Throughout life, many individuals experience mental health issues that can impact their mood, thoughts, behavior, and quality of life. Supporting good overall health by engaging in regular physical activity, maintaining a well-balanced diet, prioritizing sleep, and managing stress can help to support mental well-being. Certain dietary supplements may also help to support cognitive function, as well as address or prevent mental health conditions.
I feel very strongly that mental health issues are caused by something, whether that be situational, nutrient deficiencies, inflammation, or infection. I encourage you, if you are struggling with mental health problems to reach out for help. A trained therapist is a vital resource for you. A functional medicine doctor, like myself, can help you uncover the root cause and help you choose the appropriate supplementation.
Below is some useful information about top recommended supplements for mental health, including popular products from my dispensary.
St. John’s wort (Hypericum perforatum)
St. John’s wort is one of the most-researched medicinal herbs, commonly used for mood disorders in herbal medicine and Traditional Chinese Medicine. The plant’s yellow flowers are used to prepare teas or formulate dietary supplements. Research has demonstrated that supplementation with St. John’s wort in individuals with mild-to-moderate depression has comparable efficacy and safety when compared to selective serotonin reuptake inhibitors (SSRIs), a class of pharmaceutical antidepressants. Considering several pharmaceuticals interact with St. John’s wort, it is recommended to speak with your healthcare practitioner before taking this supplement.
Bacopa (Bacopa monnieri)
Bacopa monnieri is also known as water hyssop or Brahmi in Ayurveda, the traditional system of medicine in India. Bacopa is a medicinal herb with a variety of properties, including anti-inflammatory, analgesic, memory enhancing, sedative, and anti-epileptic effects. Clinical research has demonstrated that bacopa may improve cognitive functions such as learning and memory in healthy individuals, as well as improve concentration in individuals with mild cognitive impairment. Further, bacopa may increase serotonin levels, a neurotransmitter that promotes relaxation in the body.
Phosphatidylserine (PS) is a phospholipid serving an essential structural component of the brain in which it helps to form nerve cell membranes and myelin, a protective sheath that surrounds nerve fibers. Although PS is not easily obtained through the diet, PS dietary supplements commonly derived from soy lecithin or sunflower lecithin are available. Supplementation with PS has been shown to support short- and long-term memory formation, memory retrieval, learning and information recall, as well as reasoning, problem-solving, communication, and language skills.
Folate, or vitamin B9, is a water-soluble nutrient required for brain function and development. Folate exists in several forms, including tetrahydrofolate (THF) in food and folic acid or L-5-methyltetrahydrofolate (L-5-MTHF) in dietary supplements. Foods that are high in folate include beef liver, green vegetables (e.g., asparagus, broccoli, Brussels sprouts, mustard greens, spinach), black-eyes peas, avocado, and kidney beans. Low levels of folate are associated with age-related cognitive dysfunction. Folate supplementation prior to conception and during the first trimester of pregnancy supports fetal nervous system development and lowers the risk of neural tube defects (NTDs). Certain individuals who have difficulty converting folate to its active form due to a genetic polymorphism may benefit from supplementing with L-5-MTHF specifically, which is considered the “active” form of folate.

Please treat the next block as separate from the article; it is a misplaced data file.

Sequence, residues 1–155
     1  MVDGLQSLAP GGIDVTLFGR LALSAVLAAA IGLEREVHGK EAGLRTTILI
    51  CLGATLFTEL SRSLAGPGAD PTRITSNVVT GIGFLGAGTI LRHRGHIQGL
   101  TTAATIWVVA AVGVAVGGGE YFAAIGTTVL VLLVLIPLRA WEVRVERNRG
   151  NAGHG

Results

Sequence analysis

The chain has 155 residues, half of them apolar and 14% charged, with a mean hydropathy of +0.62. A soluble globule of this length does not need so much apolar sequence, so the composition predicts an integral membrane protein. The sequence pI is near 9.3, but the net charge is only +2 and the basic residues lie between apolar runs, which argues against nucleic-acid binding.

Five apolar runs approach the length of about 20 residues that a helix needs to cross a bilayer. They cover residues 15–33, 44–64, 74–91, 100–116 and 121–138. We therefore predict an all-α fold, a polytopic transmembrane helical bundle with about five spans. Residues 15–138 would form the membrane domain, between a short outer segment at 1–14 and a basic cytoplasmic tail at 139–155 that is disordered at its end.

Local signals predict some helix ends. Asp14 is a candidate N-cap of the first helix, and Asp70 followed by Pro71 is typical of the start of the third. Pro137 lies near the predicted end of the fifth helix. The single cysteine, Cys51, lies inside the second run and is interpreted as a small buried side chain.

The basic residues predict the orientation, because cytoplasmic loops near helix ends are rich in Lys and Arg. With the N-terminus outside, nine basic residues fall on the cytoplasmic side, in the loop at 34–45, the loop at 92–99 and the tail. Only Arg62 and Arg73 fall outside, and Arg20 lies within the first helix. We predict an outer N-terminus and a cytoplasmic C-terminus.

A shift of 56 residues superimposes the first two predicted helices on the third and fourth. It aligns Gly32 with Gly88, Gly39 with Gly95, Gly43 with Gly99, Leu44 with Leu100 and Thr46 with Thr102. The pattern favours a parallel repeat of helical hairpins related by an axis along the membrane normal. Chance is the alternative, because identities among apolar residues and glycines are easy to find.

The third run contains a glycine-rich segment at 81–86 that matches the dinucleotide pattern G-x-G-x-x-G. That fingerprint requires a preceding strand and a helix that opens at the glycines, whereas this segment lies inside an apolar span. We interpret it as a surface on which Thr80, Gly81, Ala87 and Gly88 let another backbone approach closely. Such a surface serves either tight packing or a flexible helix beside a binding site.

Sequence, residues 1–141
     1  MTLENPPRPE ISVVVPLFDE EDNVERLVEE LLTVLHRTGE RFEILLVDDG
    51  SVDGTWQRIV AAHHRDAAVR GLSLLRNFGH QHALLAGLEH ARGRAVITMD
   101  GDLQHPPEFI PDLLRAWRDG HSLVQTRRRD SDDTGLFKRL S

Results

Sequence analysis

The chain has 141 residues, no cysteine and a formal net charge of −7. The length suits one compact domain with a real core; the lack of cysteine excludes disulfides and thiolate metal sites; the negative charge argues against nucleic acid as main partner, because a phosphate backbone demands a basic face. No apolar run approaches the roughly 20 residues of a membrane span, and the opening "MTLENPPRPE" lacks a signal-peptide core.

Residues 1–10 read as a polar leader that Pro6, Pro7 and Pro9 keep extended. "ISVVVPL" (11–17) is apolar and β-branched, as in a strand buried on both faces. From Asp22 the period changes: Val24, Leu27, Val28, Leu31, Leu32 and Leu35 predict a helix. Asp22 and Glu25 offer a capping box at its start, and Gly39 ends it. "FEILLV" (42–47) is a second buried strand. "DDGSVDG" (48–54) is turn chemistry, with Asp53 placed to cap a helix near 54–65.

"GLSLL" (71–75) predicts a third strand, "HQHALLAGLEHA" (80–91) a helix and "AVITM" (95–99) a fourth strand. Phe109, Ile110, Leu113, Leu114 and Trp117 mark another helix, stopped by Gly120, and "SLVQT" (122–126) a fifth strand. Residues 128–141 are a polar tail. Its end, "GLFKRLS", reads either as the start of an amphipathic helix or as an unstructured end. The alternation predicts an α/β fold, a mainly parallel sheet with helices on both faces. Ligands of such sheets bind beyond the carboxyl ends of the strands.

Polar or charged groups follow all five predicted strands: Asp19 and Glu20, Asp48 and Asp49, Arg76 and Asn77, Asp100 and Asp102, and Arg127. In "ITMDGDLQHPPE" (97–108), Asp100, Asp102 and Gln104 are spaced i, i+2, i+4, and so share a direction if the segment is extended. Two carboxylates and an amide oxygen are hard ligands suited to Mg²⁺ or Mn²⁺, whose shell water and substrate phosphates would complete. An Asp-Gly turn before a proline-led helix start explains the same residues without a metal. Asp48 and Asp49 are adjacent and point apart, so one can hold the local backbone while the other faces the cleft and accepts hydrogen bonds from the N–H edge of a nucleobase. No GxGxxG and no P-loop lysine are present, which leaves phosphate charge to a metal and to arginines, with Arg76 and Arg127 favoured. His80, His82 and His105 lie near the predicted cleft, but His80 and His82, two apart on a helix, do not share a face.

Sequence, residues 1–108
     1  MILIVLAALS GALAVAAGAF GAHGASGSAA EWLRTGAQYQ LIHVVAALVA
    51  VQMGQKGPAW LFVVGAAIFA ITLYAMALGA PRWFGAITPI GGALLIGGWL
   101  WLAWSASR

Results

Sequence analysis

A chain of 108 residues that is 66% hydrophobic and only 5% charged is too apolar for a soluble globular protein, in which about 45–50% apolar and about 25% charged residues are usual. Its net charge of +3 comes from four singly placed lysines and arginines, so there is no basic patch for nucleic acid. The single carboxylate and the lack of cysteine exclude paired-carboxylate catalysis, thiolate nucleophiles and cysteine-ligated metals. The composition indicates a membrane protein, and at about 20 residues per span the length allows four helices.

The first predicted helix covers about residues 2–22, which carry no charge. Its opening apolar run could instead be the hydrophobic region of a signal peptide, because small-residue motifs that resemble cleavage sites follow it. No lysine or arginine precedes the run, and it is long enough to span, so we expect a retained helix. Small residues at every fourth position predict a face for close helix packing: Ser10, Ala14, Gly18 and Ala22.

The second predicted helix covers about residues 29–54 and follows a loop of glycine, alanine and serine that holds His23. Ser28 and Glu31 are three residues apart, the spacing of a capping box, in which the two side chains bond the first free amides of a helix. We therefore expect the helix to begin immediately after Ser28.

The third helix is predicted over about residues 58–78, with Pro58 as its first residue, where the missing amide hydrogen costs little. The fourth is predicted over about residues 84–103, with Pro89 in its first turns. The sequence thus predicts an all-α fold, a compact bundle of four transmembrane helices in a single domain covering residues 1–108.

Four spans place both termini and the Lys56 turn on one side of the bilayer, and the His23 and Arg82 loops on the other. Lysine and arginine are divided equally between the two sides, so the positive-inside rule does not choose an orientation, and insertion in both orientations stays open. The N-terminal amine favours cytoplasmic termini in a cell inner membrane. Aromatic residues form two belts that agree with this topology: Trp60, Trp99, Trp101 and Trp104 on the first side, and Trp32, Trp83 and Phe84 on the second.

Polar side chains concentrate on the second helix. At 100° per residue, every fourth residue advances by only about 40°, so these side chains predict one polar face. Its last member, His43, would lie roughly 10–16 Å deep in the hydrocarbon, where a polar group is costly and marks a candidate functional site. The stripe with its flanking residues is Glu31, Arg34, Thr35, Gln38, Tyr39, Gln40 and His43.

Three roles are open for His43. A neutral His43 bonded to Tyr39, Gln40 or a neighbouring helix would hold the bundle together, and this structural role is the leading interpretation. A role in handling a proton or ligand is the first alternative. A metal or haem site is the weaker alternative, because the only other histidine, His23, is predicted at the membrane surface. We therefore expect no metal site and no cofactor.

Sometimes referred to as the sunshine vitamin, vitamin D is synthesized in the skin from sun exposure. Clinical studies suggest that low levels of vitamin D are associated with cognitive impairment, as well as an increased risk of Alzheimer’s disease and seasonal affective disorder, a form of depression that typically occurs during the winter months. Certain individuals, such as older adults, individuals with limited sun exposure, and dark-skinned individuals, have a limited ability to synthesize vitamin D and may benefit from supplementation.
Omega-3 fatty acids
Almost 60 percent of the human brain is comprised of fat. Omega-3 fatty acids, an essential component of cell membrane structure, play a role in brain development and function. The long-chain omega-3 fatty acids eicosapentaenoic acid (EPA) and docosahexaenoic acid (DHA) may be obtained through diet by eating oily fish (e.g., mackerel, herring, salmon, sardines) or through fish oil or vegetarian algal supplements. Omega-3 supplementation has been shown to improve cognition in individuals with low omega-3 status. Dietary intake of omega-3 fatty acids may also help prevent certain cognitive conditions such as depression and dementia. The antidepressant effects of fish oil supplementation may be attributed to its ability to reduce inflammation and directly act on cell membrane properties.
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I hope you found this informative and helpful, and am wishing you a very happy and healthy Mental Health Month!